Good morning everyone,
Sports Direct has reported this morning that its profits have more than doubled as its resurgence continues. The group, which is rebranding as Frasers Group following the takeover of House of Fraser, said reported profit before tax jumped 160% to £193.4m in its first half.
There were few other results out this morning, however, with investors now focused on Brexit and a potential ‘Santa rally’ after last week’s dramatic general election.
Indeed, it was the FTSE 250 that stole the show on Friday following the victory for the Conservative Party which won a decisive majority. The index closed 3.44% higher, versus 1.1% for the FTSE 100, as investors who had been holding off due to uncertainty piled into the market. Unlike its large-cap sibling, the mid-tier market comprises medium-sized firms with a more domestic tilt in terms of where they derive their earnings. By comparison, the exporter-dominated FTSE 100 had to contend with a jump in the value of the pound following the result, which diminishes the value of earnings made in other currencies. Between the FTSE 100 and FTSE 250, 16 stocks made double-digit gains on Friday, and only 23 firms suffered share price falls of more than 1%.
Trade deal breakthrough runs into poor retail sales figures
The major US indices all made sub 1% gains last week, as investors had to make sense of a US-China phase one trade deal breakthrough that was counted by disappointing economic data. On Thursday, it was reported that the US and China had reached a deal, yet to be signed, that includes agriculture purchases and some tariff relief – although it is a long way short of addressing all of the grievances between the two countries. Retail sales figures for November dampened some optimism around the economy on Friday after coming in well below expectations. All three of the S&P 500, Dow Jones Industrial Average and Nasdaq Composite were close to flat on Friday as a result of the two counteracting forces. Nonetheless, one sector that benefited heavily last week from the trade deal progress was semiconductors, where firms have had to shift production outside of China in the interim to negate tariffs. They have also faced a ban on selling chips to Chinese tech giant Huawei. The PHLX Semiconductor Sector Index climbed by close to 5% over the course of last week as optimism over a deal provided a lift.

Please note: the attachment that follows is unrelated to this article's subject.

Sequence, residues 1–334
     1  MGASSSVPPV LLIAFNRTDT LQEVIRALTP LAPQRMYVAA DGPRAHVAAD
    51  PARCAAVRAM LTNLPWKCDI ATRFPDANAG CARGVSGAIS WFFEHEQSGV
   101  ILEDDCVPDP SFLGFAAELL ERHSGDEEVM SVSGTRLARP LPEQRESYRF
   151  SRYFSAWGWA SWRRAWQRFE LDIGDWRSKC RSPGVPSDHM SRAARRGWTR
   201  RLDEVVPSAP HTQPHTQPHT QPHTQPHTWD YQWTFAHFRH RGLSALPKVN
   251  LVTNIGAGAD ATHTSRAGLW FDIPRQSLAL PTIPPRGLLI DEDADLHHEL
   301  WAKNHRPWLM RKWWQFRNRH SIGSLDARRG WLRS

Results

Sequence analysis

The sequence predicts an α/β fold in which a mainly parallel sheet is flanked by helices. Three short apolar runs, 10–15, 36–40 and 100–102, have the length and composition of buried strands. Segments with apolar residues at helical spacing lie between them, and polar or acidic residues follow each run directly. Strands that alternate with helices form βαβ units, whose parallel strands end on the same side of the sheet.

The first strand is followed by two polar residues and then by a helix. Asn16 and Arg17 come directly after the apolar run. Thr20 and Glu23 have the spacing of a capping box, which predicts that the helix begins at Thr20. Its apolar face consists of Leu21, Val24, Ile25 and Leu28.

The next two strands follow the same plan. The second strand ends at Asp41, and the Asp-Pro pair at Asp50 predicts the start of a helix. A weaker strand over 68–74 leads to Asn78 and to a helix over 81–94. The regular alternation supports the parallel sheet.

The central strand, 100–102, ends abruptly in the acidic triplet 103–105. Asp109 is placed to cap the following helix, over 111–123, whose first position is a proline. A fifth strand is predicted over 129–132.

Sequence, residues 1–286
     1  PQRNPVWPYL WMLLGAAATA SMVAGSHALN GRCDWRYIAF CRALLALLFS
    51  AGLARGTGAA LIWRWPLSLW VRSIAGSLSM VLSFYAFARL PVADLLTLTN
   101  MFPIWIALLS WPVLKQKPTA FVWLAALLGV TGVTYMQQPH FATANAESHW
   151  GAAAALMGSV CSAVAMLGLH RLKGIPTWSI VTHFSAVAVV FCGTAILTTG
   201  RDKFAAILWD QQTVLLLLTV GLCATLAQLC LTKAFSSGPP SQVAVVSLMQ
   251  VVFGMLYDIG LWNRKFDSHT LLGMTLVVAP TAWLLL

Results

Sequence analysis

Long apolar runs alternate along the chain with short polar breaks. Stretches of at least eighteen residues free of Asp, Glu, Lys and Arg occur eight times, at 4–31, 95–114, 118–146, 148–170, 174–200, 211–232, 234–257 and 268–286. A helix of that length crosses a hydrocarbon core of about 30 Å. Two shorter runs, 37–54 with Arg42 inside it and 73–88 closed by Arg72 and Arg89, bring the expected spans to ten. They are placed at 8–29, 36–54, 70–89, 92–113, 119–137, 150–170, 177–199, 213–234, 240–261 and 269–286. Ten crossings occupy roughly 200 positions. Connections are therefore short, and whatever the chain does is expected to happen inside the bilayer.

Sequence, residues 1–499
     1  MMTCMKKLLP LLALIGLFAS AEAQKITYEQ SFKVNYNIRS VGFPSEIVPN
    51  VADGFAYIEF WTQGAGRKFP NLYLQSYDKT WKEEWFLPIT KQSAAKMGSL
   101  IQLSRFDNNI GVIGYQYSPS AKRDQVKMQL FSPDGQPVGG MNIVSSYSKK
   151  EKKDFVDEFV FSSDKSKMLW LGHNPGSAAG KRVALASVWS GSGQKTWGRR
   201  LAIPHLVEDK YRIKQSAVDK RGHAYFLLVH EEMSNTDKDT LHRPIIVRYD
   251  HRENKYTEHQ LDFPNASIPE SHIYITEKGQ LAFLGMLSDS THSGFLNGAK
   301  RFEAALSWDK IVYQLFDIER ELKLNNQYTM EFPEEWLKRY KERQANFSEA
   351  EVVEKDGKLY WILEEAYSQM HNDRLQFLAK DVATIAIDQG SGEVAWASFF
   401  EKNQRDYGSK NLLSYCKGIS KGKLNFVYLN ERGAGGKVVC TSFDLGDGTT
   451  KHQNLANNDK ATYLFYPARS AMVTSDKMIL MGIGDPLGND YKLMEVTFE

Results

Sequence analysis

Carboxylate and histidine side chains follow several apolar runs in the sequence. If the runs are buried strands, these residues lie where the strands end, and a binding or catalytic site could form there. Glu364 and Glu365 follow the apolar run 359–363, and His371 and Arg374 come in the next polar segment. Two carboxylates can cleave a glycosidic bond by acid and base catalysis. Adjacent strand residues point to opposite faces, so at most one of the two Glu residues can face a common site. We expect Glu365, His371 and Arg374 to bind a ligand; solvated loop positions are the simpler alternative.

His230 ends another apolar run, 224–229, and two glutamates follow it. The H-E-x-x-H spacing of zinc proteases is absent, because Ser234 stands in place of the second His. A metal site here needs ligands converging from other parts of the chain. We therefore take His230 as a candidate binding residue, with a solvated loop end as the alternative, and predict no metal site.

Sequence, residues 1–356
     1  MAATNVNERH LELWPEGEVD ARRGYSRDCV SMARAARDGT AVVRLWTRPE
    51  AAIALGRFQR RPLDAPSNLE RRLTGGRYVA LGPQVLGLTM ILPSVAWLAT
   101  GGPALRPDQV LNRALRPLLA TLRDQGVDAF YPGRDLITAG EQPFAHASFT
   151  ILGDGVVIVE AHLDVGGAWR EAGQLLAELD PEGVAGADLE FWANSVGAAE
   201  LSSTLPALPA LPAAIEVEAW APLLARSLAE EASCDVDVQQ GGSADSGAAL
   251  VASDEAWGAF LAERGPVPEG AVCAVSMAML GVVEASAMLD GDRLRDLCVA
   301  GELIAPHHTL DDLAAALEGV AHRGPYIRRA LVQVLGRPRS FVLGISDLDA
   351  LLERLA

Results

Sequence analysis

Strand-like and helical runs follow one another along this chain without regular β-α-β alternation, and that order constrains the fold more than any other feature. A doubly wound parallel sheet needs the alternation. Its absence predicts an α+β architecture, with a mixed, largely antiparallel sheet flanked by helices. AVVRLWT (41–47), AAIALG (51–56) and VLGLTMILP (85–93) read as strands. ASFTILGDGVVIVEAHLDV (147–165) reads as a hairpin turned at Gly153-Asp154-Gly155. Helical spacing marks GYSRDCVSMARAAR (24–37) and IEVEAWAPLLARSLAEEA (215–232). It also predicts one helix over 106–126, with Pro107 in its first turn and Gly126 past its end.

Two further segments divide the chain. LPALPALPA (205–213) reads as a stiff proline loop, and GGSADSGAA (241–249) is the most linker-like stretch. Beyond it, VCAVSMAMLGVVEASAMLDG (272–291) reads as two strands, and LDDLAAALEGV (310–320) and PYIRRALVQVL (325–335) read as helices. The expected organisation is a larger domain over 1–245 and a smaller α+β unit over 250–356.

S&P 500: +0.01% Friday, +26.41% YTD
Dow Jones Industrial Average: +0.01% Friday, +20.61% YTD
Nasdaq Composite: +0.2% Friday, +31.64% YTD
Housebuilders top the charts
The Friday relief rally helped UK stocks to finish positive in a week that was otherwise flat, with investors avoiding action pre-election. Banks, housebuilders and utilities were the sectors leading the way after the election, thanks to the most extreme negative scenarios for the UK economy being taken off the table. In the FTSE 100, housebuilders topped the table, with Taylor Wimpey, Barratt Developments, Berkeley Group and Persimmon posting gains between 14.7% and 12%. In the FTSE 250, Virgin Money UK jumped 18.7%, followed by transport firm Stagecoach Group with a 16.7% pop and estate agent Savills which was up 13.5%. Overall, the FTSE 100 closed 1.6% higher for the week, and the FTSE 250 2.8%. The 250 is now up 22.9% year-to-date, more than double its large cap sibling.
FTSE 100: +1.1% Friday, +9.29% YTD
FTSE 250: +3.44% Friday, +22.89% YTD
What to watch
Heico Corporation: $15bn market cap aerospace and electronics firm Heico has beaten Wall Street’s earnings expectations in each of the last three quarters. As a result, its share price is up by 63% year-to-date, more than doubling the result of the S&P 500. The company reports its latest quarterly earnings on Monday, where analysts are expecting it to post earnings per share of $0.58. According to Zacks Equity Research, Heico completed seven acquisitions in 2019, and investors will be watching for updates on the success of those integrations and how they will feed through to the firm’s bottom line.